Booking required, free tickets available from Eventbrite
This lecture will provide an overview of massive stars, from the birth in rich star forming regions such as the Orion Nebula and the Tarantula Nebula, through their relatively short lifetimes, initially as luminous blue stars through to their late states either as enormous red supergiants or compact, hot Wolf-Rayet stars, and their eventual demise as supernovae, leading to neutron star or black hole remnants. Recent developments including the key role played by binary evolution will be emphasised, together with the connection to other astrophysical transients such as gravitational wave sources and kilonovae.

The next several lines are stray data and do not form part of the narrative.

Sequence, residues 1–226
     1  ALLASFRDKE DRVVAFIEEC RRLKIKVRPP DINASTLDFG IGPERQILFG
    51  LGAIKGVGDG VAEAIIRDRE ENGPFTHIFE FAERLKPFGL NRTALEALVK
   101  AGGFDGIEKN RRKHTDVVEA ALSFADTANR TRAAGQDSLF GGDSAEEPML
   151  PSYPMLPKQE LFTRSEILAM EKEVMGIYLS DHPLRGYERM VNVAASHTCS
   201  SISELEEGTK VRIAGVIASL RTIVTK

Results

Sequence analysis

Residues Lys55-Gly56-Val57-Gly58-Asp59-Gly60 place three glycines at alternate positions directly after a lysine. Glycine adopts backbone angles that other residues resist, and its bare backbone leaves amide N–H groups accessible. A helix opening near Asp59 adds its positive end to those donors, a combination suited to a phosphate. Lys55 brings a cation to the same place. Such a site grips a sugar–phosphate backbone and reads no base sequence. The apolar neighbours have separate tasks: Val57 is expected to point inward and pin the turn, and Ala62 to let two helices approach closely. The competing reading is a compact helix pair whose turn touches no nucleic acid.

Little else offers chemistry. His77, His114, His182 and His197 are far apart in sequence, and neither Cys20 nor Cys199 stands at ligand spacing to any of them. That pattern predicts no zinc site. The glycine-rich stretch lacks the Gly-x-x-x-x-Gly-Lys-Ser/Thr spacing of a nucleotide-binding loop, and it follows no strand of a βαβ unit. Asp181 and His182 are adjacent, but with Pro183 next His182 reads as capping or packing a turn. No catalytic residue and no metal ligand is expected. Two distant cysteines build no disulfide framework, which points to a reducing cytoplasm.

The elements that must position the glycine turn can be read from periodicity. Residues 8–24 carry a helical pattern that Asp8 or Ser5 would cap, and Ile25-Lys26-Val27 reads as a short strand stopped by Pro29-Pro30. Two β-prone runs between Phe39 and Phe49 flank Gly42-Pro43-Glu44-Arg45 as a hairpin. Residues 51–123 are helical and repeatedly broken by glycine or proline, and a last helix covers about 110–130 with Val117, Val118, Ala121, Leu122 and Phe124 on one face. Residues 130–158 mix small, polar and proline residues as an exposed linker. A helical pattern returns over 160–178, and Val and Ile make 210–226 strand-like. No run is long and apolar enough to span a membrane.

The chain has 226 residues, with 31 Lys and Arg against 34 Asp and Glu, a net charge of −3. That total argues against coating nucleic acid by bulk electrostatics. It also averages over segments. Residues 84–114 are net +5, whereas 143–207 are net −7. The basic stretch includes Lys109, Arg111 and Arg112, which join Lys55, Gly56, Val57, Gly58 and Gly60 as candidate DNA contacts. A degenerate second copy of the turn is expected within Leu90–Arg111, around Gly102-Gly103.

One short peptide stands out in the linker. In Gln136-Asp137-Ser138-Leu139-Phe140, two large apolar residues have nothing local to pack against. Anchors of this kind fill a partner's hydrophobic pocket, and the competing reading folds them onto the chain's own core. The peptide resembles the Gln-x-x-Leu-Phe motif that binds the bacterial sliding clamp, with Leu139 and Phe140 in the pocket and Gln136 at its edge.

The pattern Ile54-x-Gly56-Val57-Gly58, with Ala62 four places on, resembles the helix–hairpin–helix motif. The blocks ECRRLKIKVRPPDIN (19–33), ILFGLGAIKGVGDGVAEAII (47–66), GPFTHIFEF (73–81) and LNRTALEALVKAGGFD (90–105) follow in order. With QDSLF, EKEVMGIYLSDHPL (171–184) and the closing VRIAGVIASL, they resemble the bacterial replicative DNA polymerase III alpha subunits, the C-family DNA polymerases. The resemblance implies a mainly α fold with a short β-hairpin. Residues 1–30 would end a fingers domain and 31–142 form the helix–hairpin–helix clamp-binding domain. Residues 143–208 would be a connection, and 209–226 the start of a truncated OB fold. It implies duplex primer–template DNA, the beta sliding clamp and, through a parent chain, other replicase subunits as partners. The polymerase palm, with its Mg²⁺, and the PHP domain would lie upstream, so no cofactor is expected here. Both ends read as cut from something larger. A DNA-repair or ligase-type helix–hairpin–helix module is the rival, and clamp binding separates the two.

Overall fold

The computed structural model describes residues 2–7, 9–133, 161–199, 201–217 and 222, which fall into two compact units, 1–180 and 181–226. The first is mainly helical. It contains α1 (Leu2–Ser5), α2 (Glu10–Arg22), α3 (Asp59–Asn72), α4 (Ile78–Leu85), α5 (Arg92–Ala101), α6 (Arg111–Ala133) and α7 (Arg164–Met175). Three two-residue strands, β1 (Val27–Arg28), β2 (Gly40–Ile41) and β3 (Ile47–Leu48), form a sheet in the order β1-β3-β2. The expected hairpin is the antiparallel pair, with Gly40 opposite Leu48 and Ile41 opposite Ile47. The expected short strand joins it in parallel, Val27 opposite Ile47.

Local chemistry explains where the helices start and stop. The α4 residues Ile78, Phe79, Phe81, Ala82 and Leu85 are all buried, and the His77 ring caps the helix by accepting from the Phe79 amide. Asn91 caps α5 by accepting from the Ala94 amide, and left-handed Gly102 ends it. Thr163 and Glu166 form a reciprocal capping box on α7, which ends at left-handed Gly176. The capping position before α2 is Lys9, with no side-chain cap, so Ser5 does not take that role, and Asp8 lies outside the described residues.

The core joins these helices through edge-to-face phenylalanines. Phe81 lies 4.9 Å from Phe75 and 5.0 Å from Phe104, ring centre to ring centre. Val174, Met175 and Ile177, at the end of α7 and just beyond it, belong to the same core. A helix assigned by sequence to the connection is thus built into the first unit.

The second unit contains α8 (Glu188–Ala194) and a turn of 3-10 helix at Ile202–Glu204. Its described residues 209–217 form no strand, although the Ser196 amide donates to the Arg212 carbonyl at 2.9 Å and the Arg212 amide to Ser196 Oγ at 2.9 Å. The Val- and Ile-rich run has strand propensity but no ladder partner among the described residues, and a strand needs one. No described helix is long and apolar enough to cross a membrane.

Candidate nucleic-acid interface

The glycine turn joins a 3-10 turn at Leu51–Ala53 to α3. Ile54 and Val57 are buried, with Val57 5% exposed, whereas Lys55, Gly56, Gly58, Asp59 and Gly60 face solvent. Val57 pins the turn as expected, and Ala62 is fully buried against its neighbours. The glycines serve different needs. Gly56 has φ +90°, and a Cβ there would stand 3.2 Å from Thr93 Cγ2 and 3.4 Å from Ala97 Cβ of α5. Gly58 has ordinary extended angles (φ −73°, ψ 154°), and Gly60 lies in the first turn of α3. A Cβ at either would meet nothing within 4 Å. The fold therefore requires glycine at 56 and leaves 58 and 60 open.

Paul Crowther is Head of Department and Professor of Astrophysics at the University of Sheffield. He is an observational astronomer, having previously used Hubble, Spitzer, Herschel and ESO's VLT. His research interests focus largely upon the most massive stars in the Universe. Previous public engagement activities have included Sounds of the Cosmos with the Sheffield Rep Orchestra, performed at Sheffield's Crucible Theatre and Latitude Festival 2015.
Image Credit: ESO/M. Kornmesser
This event will be livestreamed: http://geolsoc.adobeconnect.com/ras190416/
Doors open at 12.30 pm. Please be aware that there is no admittance once the lecture begins at 1 pm, as tickets will be reallocated to those queuing for no-shows. Thank you.